The latest lawyer to represent a man suing for part ownership of Facebook wants off the case.
San Diego attorney Jeffrey Lake this week asked a federal judge in Buffalo to halt Paul Ceglia's court proceedings for three weeks to give a new lawyer time to get up to speed following his withdrawal.
The judge on Tuesday gave Facebook until Thursday to respond.
Lake's filing didn't give a reason for leaving less than four months after joining the case. Before him, lawyers from three other firms left Ceglia's legal team without saying why. Hornell attorney Paul Argentieri remains lead counsel.
Ceglia is in the final stages of obtaining new counsel, Lake's filing said. Neither Lake nor Facebook responded to The Associated Press' requests for comment Tuesday.
Ceglia's lawsuit claims he's entitled to half of Facebook, estimated to be worth $50 billion or more, because of a 2003 deal he made with the social networking website's founder, Mark Zuckerberg, when Ceglia enlisted him to help on a street-mapping database he was creating. Zuckerberg was a Harvard University freshman at the time.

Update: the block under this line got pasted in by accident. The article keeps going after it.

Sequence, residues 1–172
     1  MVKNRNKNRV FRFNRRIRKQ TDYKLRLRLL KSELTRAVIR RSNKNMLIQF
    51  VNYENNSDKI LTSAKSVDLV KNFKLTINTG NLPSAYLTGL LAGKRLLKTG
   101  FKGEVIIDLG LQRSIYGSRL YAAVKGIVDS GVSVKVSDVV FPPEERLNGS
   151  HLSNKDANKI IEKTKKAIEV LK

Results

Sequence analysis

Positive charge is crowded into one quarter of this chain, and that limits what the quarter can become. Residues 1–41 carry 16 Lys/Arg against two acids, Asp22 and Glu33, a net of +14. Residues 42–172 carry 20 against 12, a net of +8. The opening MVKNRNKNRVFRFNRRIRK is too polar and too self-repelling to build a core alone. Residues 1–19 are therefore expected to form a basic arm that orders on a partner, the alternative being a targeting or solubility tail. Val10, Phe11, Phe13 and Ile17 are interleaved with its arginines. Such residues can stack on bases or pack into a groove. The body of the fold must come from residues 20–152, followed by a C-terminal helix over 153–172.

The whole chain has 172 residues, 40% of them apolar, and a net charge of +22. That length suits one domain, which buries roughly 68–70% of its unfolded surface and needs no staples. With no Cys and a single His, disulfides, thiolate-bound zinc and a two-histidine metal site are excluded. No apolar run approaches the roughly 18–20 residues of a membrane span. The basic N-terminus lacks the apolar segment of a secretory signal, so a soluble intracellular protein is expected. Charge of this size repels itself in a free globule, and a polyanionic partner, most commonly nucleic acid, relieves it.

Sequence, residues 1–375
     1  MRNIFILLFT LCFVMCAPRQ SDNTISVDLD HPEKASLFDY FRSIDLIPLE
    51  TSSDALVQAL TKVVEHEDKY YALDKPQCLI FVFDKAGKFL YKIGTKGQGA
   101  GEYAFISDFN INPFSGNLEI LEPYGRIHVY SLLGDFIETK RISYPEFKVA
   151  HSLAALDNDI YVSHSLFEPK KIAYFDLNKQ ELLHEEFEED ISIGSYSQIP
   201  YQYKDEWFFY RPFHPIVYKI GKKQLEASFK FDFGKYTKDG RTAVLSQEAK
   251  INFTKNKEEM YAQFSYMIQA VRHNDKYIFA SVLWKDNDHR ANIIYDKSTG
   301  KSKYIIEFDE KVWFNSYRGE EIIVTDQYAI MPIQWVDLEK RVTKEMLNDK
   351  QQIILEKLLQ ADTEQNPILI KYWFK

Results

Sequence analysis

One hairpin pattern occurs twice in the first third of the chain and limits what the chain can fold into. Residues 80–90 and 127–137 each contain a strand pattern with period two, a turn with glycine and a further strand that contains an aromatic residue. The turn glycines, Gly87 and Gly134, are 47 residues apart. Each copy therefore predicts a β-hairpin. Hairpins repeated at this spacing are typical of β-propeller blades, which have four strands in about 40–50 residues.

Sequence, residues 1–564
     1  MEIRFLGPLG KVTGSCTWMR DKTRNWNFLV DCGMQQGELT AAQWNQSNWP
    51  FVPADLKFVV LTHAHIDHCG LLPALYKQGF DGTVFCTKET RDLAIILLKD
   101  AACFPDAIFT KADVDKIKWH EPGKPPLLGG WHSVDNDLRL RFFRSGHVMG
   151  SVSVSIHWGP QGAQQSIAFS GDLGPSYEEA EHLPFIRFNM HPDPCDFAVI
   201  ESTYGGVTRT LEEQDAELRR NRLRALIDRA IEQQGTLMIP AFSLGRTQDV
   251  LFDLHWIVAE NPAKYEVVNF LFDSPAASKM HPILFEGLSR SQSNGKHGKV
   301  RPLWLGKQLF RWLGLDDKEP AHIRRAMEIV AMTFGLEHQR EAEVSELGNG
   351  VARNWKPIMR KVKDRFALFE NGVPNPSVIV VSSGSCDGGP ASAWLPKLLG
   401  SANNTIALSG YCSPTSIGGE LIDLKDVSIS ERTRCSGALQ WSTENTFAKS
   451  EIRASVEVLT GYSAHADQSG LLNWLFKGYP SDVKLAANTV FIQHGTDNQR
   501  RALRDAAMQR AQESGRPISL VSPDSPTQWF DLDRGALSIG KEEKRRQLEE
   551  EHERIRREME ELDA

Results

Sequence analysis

Palo Alto, Calif.-based Facebook says Ceglia's claim is baseless.
In recent weeks, Facebook attorneys have argued for fees and sanctions against Ceglia, claiming he has failed to comply with a magistrate judge's orders to turn over email passwords and other material relevant to the case.
Lake, in his response, said Ceglia instructed him not to comply with an order to turn over email passwords without first bringing his objections to a district court judge, who rejected them. Lake said Ceglia eventually provided the passwords.
Ceglia, of Wellsville, in the state's southern tier, has been staying in Ireland and has not appeared at court hearings in the case. Facebook attorneys have suggested he should.
"In light of Ceglia's brazen defiance of court orders _ and the serious charges leveled against him by his own attorneys _ this court may wish to order Ceglia to personally appear ... and provide direct answers to the many remaining questions concerning his conduct in this litigation," Facebook attorney Orin Snyder wrote in an Oct. 14 filing supporting sanctions.